Back to Work: A Stranger in a Strange Land

Editors Note: Ok so this work thing sucks. Not the job itself mind you, that’s been great. Great people, great environment, great schedule. The greatness of it is great. No, it’s my inability to sit down and write stuff.  I have stuff, a lot of stuff. I’m still trying to get myself on a good schedule here at home so I can post that stuff on a regular basis. Hang with me gang, I’m working on it. Speaking of work, enjoy my tale of travel to a far off land called West Texas.


Back to Work: A Stranger in a Strange Land

West Texas man. You gotta want it. You gotta want it real bad. As a friend who lives out yonder way said to me, “It’s West Texas my brother, home of the rugged, get yourself a gun and go hunt something.”

He’s not kidding. These folks are rugged. How rugged? Well I got there on Sunday and it was 80 degrees. Monday the hail was so thick you couldn’t see. By Monday night a mile wide tornado, that’s 1 mile across people, passed us in Amarillo and hit a small town called Pampa.

How you doin?

How you doin?

The tornado, an F4 I think,  sent several houses on the edge of Pampa into the stratosphere and it leveled the entire Haliburton plant. Human casualties – 0. As in zero, none, nada, zilch. No deaths at all. These people know how to do tornadoes. The next day it was 34 degrees and snowing. Not kidding. It snowed all day. No one batted an eye. By Wednesday the sun reappeared but we had straight line winds in excess of 40 miles an hour. Still no one flinched. Except me. I left at 5am the next day, it was calm and warming. What in the actual hell?

Are the people of West Texas rugged? I’d say so. Crazy? Probably. I mean they’re crazy by default right? Why would you willingly live in a place that limits your ability to golf unless you were “a little touched in the head?” But the weather is only part of the fun in West Texas. Driving in the Panhandle is a life experience all it’s own.

Somewhere over the rainbow on old RT66.

Somewhere over the rainbow on old RT66.

The phrase you can see for miles and miles and miles is not just a catchy song lyric. In the Panhandle it’s the God’s honest truth. In the day time it’s pretty cool. The pic on the left is me unwisely and probably illegally taking a picture as I drive down old RT 66 back to my hotel. My speed here is moderately fast. Which is to say I was haulin the mail. Hey when in Rome…

But the fun really starts when it’s dark. My trips to the work destination were early morning, like 5am. That’s actually 4am for you eastern standard time kids. So it’s freaking dark. Look at that picture again. Imagine it with no visible horizon, no lighting, no landmarks to separate the ground from the sky. Now, pretend for a second you can see the dash in the that pic. It would read about 75mph.

That would be about 15mph slower than every other freaking car on that road at 5 o’clock in the AM. How do I know that? Well, on the first day driving in they all passed me, that’s how. It took me two days of driving into that void to get my bearing. On the third day I felt comfortable enough to let the smoke out of the engine of that Mazda 3 rental they gave me. Aside from being a little rocket on wheels, the M3 was like a smart car. As it turns out it was smarter than me. And thank god for that.

Tiring of spending $11.50 American on an egg & cheese croissant from the hotel lobby I decide on the third day I would stop at one of the numerous truck stops on I-40. Apparently I was getting too cocky. This little smart car came with a giant key and key fob. But it was a push button start, so other than unlocking it, the keys were useless. I got in the bad habit of dropping them in the console after engine start.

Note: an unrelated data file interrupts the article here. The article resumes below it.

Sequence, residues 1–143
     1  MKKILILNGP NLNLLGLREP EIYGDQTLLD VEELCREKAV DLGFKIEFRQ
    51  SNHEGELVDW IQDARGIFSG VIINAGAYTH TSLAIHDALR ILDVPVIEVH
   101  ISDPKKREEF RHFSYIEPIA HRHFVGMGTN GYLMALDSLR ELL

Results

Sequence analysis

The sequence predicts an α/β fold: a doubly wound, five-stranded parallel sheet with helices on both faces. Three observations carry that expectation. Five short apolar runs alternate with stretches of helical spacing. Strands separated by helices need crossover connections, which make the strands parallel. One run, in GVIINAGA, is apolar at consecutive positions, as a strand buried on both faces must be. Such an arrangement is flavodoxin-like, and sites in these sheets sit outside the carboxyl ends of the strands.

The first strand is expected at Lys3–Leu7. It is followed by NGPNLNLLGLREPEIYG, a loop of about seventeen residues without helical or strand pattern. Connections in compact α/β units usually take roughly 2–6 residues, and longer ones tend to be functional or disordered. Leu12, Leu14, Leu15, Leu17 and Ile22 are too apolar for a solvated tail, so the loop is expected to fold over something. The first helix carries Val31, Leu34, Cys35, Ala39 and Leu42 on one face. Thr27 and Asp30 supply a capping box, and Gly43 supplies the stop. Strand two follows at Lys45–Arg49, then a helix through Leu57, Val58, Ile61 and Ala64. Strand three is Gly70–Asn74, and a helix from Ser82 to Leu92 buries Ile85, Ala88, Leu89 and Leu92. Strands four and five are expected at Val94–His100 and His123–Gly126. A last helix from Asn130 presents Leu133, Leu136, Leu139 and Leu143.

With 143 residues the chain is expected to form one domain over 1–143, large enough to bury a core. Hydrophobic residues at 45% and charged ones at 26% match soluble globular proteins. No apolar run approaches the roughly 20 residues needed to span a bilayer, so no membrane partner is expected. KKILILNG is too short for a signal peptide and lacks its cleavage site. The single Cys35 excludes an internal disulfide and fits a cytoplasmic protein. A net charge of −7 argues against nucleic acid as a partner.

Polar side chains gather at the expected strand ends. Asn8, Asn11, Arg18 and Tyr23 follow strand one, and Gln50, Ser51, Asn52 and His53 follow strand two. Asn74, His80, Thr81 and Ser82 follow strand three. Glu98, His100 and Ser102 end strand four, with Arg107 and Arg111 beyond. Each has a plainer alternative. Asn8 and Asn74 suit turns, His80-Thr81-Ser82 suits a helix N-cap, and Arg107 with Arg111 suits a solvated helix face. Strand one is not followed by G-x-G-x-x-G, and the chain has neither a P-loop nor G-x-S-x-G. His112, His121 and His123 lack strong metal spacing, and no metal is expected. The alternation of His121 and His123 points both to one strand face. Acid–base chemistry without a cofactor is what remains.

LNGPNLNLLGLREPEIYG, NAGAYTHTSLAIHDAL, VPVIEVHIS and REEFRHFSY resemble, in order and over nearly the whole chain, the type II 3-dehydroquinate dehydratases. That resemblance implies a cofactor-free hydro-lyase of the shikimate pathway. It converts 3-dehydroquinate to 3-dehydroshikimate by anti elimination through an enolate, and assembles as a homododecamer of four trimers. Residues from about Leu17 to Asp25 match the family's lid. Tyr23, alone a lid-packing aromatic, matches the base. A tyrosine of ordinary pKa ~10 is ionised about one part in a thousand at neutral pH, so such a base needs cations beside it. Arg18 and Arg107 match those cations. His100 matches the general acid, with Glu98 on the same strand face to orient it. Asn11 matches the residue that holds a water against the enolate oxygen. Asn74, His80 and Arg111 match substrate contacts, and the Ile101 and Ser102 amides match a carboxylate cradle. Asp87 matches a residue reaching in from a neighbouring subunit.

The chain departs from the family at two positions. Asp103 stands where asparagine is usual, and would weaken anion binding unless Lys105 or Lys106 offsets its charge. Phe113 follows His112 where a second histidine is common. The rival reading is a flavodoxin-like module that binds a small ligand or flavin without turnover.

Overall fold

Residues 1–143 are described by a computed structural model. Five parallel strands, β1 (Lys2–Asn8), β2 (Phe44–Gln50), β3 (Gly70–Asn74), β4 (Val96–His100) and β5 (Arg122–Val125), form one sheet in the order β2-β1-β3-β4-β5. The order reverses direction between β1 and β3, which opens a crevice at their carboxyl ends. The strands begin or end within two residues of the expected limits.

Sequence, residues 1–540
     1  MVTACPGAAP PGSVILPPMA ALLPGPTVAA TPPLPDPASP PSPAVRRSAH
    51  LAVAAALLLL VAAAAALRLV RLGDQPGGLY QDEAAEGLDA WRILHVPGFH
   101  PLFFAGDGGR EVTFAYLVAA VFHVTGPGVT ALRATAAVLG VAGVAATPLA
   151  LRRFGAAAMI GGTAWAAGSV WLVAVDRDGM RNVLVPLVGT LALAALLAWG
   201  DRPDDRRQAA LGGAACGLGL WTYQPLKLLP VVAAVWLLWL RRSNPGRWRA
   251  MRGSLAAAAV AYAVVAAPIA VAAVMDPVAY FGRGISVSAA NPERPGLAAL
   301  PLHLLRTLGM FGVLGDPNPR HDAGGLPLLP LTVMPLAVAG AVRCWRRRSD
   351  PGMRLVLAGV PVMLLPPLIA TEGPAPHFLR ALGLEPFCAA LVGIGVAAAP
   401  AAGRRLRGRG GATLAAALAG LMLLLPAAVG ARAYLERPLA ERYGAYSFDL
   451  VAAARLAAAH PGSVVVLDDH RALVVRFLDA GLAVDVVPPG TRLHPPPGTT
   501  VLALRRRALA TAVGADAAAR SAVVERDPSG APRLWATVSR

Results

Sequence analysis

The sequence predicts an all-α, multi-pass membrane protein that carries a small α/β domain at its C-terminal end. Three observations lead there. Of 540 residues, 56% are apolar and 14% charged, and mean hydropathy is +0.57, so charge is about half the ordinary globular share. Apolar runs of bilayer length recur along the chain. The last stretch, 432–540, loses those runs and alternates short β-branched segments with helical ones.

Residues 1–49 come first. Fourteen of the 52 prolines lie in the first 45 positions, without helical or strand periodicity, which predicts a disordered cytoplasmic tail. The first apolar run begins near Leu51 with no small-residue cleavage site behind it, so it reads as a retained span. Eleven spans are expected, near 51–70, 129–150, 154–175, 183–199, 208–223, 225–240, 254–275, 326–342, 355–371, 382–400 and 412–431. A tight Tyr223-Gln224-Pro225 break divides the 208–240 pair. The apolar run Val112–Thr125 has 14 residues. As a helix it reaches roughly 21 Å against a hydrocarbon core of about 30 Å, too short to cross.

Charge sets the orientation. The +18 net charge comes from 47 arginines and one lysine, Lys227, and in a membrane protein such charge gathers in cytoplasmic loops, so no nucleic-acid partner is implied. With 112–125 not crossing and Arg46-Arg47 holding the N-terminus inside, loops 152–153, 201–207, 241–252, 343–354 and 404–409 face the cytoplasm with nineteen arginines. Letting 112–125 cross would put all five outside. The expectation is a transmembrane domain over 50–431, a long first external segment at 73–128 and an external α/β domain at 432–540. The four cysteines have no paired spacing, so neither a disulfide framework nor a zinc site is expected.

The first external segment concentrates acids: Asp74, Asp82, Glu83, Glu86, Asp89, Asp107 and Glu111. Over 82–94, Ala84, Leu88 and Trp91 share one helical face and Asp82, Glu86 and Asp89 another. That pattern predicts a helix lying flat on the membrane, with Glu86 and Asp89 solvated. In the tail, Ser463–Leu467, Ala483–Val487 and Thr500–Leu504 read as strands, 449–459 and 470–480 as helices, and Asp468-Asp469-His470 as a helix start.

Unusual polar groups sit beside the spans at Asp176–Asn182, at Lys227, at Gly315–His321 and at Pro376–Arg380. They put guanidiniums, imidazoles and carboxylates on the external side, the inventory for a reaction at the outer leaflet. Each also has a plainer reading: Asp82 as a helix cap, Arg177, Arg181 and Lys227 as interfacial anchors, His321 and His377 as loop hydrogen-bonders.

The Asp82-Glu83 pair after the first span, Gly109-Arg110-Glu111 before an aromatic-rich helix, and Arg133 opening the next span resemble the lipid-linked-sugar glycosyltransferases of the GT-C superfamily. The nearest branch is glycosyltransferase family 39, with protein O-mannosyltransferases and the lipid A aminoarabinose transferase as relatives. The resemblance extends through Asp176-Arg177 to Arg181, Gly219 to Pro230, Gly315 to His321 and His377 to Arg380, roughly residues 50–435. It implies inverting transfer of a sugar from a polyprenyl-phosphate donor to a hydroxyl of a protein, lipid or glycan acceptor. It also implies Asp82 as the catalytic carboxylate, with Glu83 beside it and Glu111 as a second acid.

As I’m walking back to my little rocket on four wheels with about 3800 calories of morning goodness, (that’s a #3 with a diet coke and extra hash brown from the golden arches), I realize the friggen keys are snug as a bug in the console of the rental car I just locked. For reasons I can’t go into, I was not able to carry my cell phone for most of the trip. So guess what the keys were resting on?

Yeah so I’m in the middle of no where, I know no one, and that wouldn’t matter cause I have no way to contact anyone. I have sustenance and shelter in the form of the McDonald’s, but if I want help I’ll need to engage a stranger. Not exactly my strong suit. In desperation I keep walking toward the car. It did make a strange beep when I shut the door on my way into heart attack alley, so maybe, just maybe…

HA HAH! VICTORY! The smart car is smarter than the driver. It won’t lock with the keys in it and no one in the seat. Must be a weight sensor or some such thing in the driver seat. I don’t care because I’m eating, I’m mobile again, I won’t be late, and more importantly I need not the help of strange people. That’s just a straight up win for everybody involved. I mean there is a good chance I’d still be wandering around out there in the middle of God’s country, having long exhausted my #3 with diet coke if not for the smartness of the key fob.

Of course, it’s West Texas. I could have just picked up one of the random guns lying about and hunted something.



This entry was posted in Diaries.

4 comments on “Back to Work: A Stranger in a Strange Land

  1. Mike Heenan says:

    Yeh, no thanks. I’m better off not messing with Tejas. Funny stuff, man!

  2. Francis- another gem! I have traveled in West Texas too; the land of the hearty. You have a gift my friend and share it with us as the new job and life allow. Stay strong!

  3. That is a cool feature for the car!
    That weather sounds awful! Uggh – how do they handle that?

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